Just off the coast of tiny Guindacpan island in the central Philippines, a half dozen men in torn T-shirts and homemade flippers hold their breath and dive off a wooden boat to the sea floor 20 feet below.
They’re fishermen, raised to live off the sea like generations before them. But when they pop up to the surface every few minutes, it’s not with their usual catch. On these dives, they’re bringing up old fishing nets, dripping in mud and tangled with broken corals and dying crabs.
Lost and discarded nylon fishing nets like these are a huge problem around the world, estimated at roughly 10 percent of the millions of tons of plastic trash in the world’s oceans. And the Philippines is one the worst offenders.
But these fishermen may be helping to turn the tide.
“The nets that get thrown in the sea, it turns out they have a severe effect on the ocean,” explains fisherman Julius Sabal. “We sea people didn’t know before what these nets did.”
What they now know is that these ghost nets, as they’re often called, sit on the ocean floor and snag and kill marine life, including some of what would be the fishermen’s catch.
It’s competition they can’t afford. The Philippine government estimates that subsistence fishermen already catch only ten percent of what they did 40 years ago.
The ghost nets also have a big indirect impact on the coral-based ecosystems that the fish depend on.
“The fish are also disappearing because the nets are killing the coral reefs,” Sabal says. “Because it turns out the coral reefs can’t breathe when this is piled on top of them.”
Sabal and his fellow fishermen learned all this from the Zoological Society of London, a conservation group active in the Philippines.
But their new understanding hasn’t made the fishermen decide just to pull up the nets in their free time. They’re getting paid for hauling up the old nets, as part of a program called NetWorks, run in part by the ZSL.'
NetWorks tries to cut into the ballooning volume of marine debris worldwide by cutting fishermen a deal to turn old fishing nets into plastic carpet tiles. It spans the globe from the Philippines to Europe and the United States, but Amado Blanco, the program’s Philippines project manager, says the payments to fishermen are its most important element.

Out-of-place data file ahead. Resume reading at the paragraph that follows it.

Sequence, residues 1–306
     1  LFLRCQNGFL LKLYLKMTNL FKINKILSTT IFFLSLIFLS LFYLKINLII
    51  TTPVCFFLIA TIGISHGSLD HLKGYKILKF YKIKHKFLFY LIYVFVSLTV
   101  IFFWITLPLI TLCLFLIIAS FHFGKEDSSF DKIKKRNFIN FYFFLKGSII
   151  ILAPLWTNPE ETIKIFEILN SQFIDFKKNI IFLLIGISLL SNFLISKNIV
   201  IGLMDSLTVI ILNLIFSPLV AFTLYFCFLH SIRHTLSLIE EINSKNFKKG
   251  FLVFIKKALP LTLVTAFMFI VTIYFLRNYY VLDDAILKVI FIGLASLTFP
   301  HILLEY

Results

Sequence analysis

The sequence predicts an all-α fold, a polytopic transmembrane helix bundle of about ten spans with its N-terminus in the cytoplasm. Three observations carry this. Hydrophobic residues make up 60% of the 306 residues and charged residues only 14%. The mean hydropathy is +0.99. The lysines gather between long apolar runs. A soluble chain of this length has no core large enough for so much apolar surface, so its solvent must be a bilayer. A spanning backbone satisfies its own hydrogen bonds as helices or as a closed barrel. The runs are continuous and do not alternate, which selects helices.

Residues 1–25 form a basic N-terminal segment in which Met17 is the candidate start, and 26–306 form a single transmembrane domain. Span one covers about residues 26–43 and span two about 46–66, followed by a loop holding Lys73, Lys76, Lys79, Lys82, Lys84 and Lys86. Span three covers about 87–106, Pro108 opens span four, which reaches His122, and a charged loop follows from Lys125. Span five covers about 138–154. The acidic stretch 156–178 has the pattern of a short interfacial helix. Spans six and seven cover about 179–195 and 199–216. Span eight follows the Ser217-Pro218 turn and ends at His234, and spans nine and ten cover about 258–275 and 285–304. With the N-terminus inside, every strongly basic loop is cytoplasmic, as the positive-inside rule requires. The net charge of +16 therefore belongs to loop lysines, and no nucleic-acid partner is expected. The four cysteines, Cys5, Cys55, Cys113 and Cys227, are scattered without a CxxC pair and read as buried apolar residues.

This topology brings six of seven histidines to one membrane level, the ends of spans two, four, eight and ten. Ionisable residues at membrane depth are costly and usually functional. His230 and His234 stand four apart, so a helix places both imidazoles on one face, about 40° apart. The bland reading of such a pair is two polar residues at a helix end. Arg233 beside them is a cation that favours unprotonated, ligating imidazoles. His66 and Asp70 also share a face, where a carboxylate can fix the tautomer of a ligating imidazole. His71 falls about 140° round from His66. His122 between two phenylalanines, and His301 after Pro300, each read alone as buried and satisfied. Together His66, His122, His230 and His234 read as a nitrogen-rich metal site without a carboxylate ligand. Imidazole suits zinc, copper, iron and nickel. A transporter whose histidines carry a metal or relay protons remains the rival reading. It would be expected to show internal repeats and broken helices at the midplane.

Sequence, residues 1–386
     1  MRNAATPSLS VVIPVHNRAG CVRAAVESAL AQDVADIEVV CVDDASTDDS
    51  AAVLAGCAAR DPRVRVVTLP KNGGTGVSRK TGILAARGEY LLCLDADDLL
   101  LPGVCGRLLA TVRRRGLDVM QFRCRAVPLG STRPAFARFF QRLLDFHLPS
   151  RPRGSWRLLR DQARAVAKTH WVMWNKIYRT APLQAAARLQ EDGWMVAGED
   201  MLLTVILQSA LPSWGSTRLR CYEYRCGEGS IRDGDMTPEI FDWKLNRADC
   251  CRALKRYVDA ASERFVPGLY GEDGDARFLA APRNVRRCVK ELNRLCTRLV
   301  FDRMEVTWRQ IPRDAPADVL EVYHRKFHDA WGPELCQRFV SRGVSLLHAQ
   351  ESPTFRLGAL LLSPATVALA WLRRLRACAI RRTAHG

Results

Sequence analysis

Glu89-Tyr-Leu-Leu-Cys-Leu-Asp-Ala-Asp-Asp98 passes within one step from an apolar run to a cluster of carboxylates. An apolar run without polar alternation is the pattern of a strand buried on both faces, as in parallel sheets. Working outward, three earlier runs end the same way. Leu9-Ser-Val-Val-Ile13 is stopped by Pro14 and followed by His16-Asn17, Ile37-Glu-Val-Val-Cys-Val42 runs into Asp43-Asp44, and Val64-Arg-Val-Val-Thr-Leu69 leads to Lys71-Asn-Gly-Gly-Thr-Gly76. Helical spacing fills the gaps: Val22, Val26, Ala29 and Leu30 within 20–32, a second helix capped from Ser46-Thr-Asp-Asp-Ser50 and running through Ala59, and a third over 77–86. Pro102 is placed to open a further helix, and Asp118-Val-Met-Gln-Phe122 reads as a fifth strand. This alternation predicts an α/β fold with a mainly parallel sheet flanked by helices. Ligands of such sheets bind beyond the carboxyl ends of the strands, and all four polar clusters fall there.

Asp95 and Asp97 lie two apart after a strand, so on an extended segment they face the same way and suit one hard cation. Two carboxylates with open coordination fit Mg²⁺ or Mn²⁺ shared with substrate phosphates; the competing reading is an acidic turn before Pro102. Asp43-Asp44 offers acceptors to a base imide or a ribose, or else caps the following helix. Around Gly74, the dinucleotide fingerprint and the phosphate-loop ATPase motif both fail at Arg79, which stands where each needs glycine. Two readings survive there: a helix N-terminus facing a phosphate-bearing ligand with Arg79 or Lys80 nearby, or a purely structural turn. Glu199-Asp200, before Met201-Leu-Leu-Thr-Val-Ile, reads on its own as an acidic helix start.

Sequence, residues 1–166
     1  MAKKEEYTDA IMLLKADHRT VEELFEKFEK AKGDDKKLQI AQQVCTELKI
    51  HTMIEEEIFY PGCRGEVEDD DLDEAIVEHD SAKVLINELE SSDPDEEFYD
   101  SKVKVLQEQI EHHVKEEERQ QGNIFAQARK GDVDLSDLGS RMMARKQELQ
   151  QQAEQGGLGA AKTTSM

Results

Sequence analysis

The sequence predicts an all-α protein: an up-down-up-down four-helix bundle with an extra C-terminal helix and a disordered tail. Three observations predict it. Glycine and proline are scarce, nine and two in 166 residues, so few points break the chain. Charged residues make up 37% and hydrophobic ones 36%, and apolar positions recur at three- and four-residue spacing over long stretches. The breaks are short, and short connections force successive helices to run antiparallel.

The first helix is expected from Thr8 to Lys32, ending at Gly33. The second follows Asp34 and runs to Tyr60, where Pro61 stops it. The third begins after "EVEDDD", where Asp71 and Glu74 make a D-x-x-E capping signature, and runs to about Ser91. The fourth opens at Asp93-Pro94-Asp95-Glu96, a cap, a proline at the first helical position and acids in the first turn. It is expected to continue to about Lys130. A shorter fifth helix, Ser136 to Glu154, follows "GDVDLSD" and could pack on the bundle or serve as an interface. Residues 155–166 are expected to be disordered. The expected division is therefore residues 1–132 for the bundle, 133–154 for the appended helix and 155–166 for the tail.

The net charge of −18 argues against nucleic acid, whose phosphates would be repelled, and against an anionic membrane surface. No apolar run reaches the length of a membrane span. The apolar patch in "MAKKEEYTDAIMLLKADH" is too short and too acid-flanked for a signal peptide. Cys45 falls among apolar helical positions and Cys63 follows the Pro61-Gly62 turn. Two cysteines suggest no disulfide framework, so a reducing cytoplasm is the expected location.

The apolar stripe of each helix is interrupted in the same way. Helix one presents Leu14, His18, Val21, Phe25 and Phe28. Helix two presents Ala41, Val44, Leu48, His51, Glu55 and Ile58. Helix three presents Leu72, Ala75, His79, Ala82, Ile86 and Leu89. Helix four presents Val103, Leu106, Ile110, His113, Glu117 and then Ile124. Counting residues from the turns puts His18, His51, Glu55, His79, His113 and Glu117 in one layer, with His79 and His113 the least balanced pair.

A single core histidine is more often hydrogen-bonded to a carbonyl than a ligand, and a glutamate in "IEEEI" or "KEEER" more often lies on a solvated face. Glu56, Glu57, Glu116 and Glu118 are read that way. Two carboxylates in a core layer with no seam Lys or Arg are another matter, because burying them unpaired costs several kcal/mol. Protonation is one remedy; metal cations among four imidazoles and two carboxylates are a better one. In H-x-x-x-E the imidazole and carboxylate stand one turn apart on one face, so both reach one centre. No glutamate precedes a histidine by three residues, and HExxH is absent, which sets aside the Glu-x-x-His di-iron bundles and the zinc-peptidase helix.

Blanco says he’s often seen people’s enthusiasm for volunteer conservation projects lose out to the more pressing needs of daily life.
But what can motivate people to support models like NetWorks in the long term, he says, “is that they can clean the environment and earn at the same time.”
And the money to pay the fishermen ultimately comes from the nets themselves. The ghost nets recovered from the waters off Guindacpan are baled up and shipped off to become part of the global plastics supply chain — first to a recycling facility in Slovenia, then to factories in the US and Italy where they’re turned into carpeting tiles.
Blanco says the program works because it feeds into a market that already exists, not because it makes people feel good to recover the nets or buy the carpet, or because some foundation supports it.
You could call it a kind of conservation capitalism.
“We don’t have to be dependent perpetually on funding from abroad or locally,” says Blanco.
The goal of the program, launched here in the Philippines in 2012, is to become a self-sustaining business, and it has already been successful enough that it’s expanding across the Philippines, into nearby Thailand and Indonesia, and even to a lake in Cameroon, in Central Africa.
Georgia-based carpet maker Interface, the company at the end of the pipeline, hopes it’s all just a start. Interface Vice President and Chief Innovation Officer Nigel Stansfield believes the NetWorks model can ultimately help solve the global plastic trash problem.
“In my dreams I see us mining the plastic soup in the North Pacific and the Atlantic with a group of like-minded organizations and industries and recycle that soup back into a variety of different sources,” Stansfield says.
“It's not beyond the wit of mankind to be able to do that. It's about will.”
Stansfield says it’ll take time to work out a business model that would be able to operate on such a large scale. And even here in the Philippines, the problem is much bigger than just old fishing nets. The sea here is full of plastic: shopping bags, water bottles, raincoats, children’s toys, toothbrushes, cell phone cases, potato chip packets.
For now, the ghost nets hit the sweet spot for this new approach. They’re a bad problem, many are relatively easy to recover, and they can be recycled into marketable products.
The people who buy and use the carpets the nets get turned into may never know they’re helping restore a working ecosystem halfway around the world, but the impact is tangible for the families of fishermen like Julius Sabal.
“The money helps us buy school supplies,” Sabal says. “Pencils, pens, this helps out for our kids.”
The effort also employs local women, who help collect and clean the old nets before selling them to the recyclers. The women have in turn set up savings and loan clubs to pool the money they earn from the work to disburse loans to help start small businesses or fund other short-term needs.
And then there’s the impact on the sea itself, and the generations-old livelihoods people here have earned from it.
“We’re taking the nets back from under the sea so that we can bring back the fish that used to be here,” Sabal says. “Because if we continue to neglect it, the oceans will be even worse for our children.”
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